HBO’s much-anticipated, standalone OTT service – HBO Now – is set to launch in April, 2015. Slated to cost USD 14.99 a month at launch, HBO Now will be exclusive to Apple devices during the service’s first quarter. While users will be able to consume content via any browser, potential subscribers will only be able to register for the service via an iOS device, or an Apple TV.
HBO has yet to signal when, or indeed whether, HBO Now will launch internationally. While the network continues to participate in the HBO Nordic joint-venture alongside its Swedish partner Parsifal, HBO Now and HBO Nordic – despite both being standalone services – have little else in common.
Tethering an OTT service to a platform that only represents 35.6% of connectable devices in the US, rather than aiming for a multitude of platforms, does have some merit. Aside from the intangible, but nonetheless very real buzz that only exclusivity and rarity can generate, there are other, material advantages to launching a new product on so homogenous a platform as iOS.
First and foremost, iOS represents an extremely cohesive platform and software ecosystem. Limiting HBO Now’s launch to a single device environment will allow the network to incorporate feedback, and iterate the application itself, without having to implement changes across a wide swathe of devices, app stores, and coding platforms simultaneously. After the service’s initial quarter, HBO will have a relatively mature, de-bugged platform and UI that it will be able to deploy to other devices with relative ease.
Second, there may also be cost concerns that underlie the exclusivity decision. In the past, HBO has been very clear on two matters – showing no interest in biting the hand of the pay TV ecosystem that feeds it; showing no interest in a standalone service until such time as sufficient scale exists in the market to offset a reduction in carriage income. Even if HBO believes that the market is ready, and even though HBO has set a price – in addition to excluding movies from the service – that should minimize any cord cutting effects, or avoid damaging its operator relationships, HBO Now is still experimental in every way. At least initially, restricting device availability is both a form of hedging, as well as a form of cost-control that could have a small but tangible impact on margins.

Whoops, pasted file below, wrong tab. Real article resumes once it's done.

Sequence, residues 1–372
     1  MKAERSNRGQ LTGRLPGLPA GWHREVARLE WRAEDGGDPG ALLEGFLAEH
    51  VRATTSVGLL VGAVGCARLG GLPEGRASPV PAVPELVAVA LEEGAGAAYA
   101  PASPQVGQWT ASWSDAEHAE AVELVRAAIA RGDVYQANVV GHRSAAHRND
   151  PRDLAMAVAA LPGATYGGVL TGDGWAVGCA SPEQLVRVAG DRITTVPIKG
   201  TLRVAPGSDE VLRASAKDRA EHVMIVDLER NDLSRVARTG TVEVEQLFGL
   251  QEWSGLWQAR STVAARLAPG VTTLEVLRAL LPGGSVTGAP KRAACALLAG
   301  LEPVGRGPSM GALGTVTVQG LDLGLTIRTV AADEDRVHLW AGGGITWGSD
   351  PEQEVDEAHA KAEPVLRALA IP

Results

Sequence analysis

Third, and somewhat related to the network’s potential economic concerns, iOS users continue to out-consume their Android next-of-kin in online video. Given that iOS devices, as such, over-index relative to their installed base, limiting the HBO Now service to this platform may also be motivated by maximizing-bang-for-the-buck considerations.
However, all things considered, if HBO GO is any indication of HBO’s prowess in app development and ecosystem support, we can expect to see a highly interoperable, widely-supported Now service over time. Currently, HBO GO is accessible on the Apple TV, browsers, the PlayStation 3, the PlayStation 4, iOS and Android platforms, Windows Phone 8.1, the Fire TV, the Kindle Fire, the Roku platform, the Xbox 360 and One platforms, Samsung Smart TVs, and Google’s Chromecast.
Standalone services ultimately rely upon reach. Addressing roughly 1/3rd of the connected device installed base constitutes neither a sensible nor sustainable long-term strategy. We fully expect the Apple exclusivity period to be followed by an aggressive device strategy.